I’ve been using a Sony NEX-5N for half a decade now. This gem of a mirrorless camera has served me well, and once augmented with a Carl Zeiss lens that cost more than its body, it’s kept up with my photography needs admirably. But the 16-megapixel 5N is starting to show its age against fresher and sharper competitors, mostly those from Fujifilm’s ascendant X series, and when I heard that Canon was finally getting serious about mirrorless cameras, my first priority at Photokina was obvious: I had to go try the new EOS M5. If anyone has a chance to pull me away from Sony’s warm embrace, it’s the old guard of Canon and Nikon.
My first impression after a solid half-hour session fiddling with Canon’s latest? I’m intrigued, but unconvinced. Mirrorless cameras are defined by their greater portability than traditional DSLRs, and indeed the M5 compares favorably against Canon’s traditional camera lineup, however I still find it bulky compared to my Sony. Canon makes up for its greater size with a more generous 3.2-inch LCD screen, an electronic viewfinder, and plenty more control dials that my current camera lacks. Like my NEX-5N, Canon’s M5 has a touchscreen that lets me tap to set the desired focus point, but it also adds familiar smartphone gestures like pinching and double-tapping to zoom.
Canon’s control scheme is as fiddly and unintuitive on first use as any other camera manufacturer’s. But once I got to grips with it and figured out how to adjust aperture, ISO, and shutter speed, I felt quite well taken care of by the M5. Returning to the 5N made me feel Sony’s control limitations in a stark way. Canon’s control dials are well positioned and have the right level of resistance to be adjusted precisely. The exposure dial has a touch more resistance, as the expectation is that you’d be toggling it rarely and therefore it’s preferable that it doesn’t accidentally slip into the wrong setting. I can’t quibble with any of it, though I feel like Canon might have been able to accommodate a larger circular cluster at the rear.
The M5 has the build quality and focusing speed to be competitive
The M5’s build quality is impressive, as you might expect given this camera’s price of $979.99 for the body by itself. Everything feels tough and durable, the dials have a coarse tactile appeal that signals long-term durability, and Canon’s lenses seem to extend that quality with smooth operation and universally light weight. A particular highlight for me is the articulating LCD, which is superbly smooth in its extension up and down, and it’s able to flip all the way around for some front-facing photography action. It’s unfortunate that it doesn’t flex out to the side, which is most useful when you have the camera mounted on a tripod.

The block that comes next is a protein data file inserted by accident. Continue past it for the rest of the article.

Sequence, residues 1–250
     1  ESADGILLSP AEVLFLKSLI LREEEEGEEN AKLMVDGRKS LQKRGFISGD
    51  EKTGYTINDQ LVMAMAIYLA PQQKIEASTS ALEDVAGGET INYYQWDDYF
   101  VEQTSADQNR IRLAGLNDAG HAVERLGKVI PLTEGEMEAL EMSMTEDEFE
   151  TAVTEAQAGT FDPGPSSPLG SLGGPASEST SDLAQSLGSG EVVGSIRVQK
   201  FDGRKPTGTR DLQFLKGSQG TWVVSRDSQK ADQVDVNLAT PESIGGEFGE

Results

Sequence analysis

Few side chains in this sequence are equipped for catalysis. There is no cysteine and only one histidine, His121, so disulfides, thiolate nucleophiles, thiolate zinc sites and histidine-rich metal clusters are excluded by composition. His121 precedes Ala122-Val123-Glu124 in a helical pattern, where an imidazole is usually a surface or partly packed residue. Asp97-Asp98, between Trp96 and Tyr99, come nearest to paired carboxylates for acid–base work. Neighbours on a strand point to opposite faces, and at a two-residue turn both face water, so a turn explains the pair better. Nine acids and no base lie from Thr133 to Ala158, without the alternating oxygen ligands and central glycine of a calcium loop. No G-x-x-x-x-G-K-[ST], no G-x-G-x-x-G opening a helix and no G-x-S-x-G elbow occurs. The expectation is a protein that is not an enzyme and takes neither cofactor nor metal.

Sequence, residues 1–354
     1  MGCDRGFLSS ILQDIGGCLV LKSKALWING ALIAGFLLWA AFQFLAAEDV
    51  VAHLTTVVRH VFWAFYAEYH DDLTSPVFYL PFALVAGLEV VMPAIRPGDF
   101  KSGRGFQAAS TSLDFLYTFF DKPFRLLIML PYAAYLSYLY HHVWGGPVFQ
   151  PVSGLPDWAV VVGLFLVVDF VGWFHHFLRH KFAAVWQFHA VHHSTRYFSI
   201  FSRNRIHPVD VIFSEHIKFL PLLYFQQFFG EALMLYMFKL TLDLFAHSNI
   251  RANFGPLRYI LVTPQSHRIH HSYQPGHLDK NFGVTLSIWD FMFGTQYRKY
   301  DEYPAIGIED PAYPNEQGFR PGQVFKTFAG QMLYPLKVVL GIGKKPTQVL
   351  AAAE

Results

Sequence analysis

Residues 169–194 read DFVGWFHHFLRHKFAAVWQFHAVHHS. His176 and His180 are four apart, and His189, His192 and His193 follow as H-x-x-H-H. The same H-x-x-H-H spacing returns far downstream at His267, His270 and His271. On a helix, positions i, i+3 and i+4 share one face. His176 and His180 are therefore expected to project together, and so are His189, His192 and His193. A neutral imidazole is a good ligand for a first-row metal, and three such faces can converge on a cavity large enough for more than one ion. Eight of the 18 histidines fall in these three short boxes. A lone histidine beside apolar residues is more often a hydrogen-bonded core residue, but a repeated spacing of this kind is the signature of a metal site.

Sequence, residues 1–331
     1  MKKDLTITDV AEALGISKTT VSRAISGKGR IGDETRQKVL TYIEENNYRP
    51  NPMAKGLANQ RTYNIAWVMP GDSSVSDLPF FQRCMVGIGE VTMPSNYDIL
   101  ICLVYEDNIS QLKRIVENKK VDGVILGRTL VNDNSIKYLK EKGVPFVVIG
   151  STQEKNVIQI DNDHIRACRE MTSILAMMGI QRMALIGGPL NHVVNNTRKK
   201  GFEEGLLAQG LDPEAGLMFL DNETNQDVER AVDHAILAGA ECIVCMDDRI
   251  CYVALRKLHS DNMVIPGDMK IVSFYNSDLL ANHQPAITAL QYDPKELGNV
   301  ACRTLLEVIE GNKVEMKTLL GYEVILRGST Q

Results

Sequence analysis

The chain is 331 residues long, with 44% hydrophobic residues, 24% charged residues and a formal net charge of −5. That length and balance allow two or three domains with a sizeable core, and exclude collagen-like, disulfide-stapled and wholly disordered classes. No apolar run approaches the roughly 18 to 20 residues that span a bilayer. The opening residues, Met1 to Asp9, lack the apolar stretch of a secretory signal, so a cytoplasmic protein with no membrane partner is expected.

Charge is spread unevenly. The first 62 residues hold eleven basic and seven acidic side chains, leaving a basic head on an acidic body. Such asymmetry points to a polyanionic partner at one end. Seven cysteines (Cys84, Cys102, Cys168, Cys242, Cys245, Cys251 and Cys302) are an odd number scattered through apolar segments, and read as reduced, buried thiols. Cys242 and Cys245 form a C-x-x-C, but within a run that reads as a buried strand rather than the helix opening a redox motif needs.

Completing the set of well engineered features is the M5’s EVF, which is a high-resolution OLED display with the size and responsiveness to make me use it consistently. This is a major differentiator among mirrorless cameras, and fellow Sony users like myself typically have to spend extra on attaching external EVFs and flashes. The Canon M5 isn’t the smallest mirrorless camera, but it comes with its own viewfinder, flash, and panoply of physical controls.
Canon still has plenty of catching up to do
I also liked the M5’s speed of operation. It boots up quickly and, thanks to Canon’s dual-pixel focusing system, finds focus quickly. It obviously beats my Sony shooter, but that’s too easy a comparison given my current camera’s age and lower price. Where the M5 doesn’t immediately wow me is in the quality of its images: I’m simply not seeing enough of an improvement over what I already have to justify the investment. Now, Canon will tell you that the Photokina M5s are all pre-production units, but we’re not that far away from this camera’s November release date, and so the pictures produced by its 24-megapixel sensor aren’t going to be a million miles away from the final product. To be clear: I’m not saying they’re bad, but they’re not shockingly good either.
In summary, I liked a great deal about Canon’s new mirrorless camera. It’s easy to confirm it as the Japanese camera maker’s best effort in this category, but it’s less clear to me how to rank it against the fierce competition already out there. Sony offers the Alpha 6300, an evolved version of my NEX shooter, at the same price as Canon’s M5, while Fujifilm’s X-T10 and X-T1 stand on either side, offering both cheaper and pricier alternatives. The one sure advantage that Sony and Fujifilm hold over Canon is their lens selection. This comparison is usually the other way around, with Canon touting a much better lens selection, but this stalwart company has been slow to join the mirrorless competition, and now it has plenty of catching up to do.
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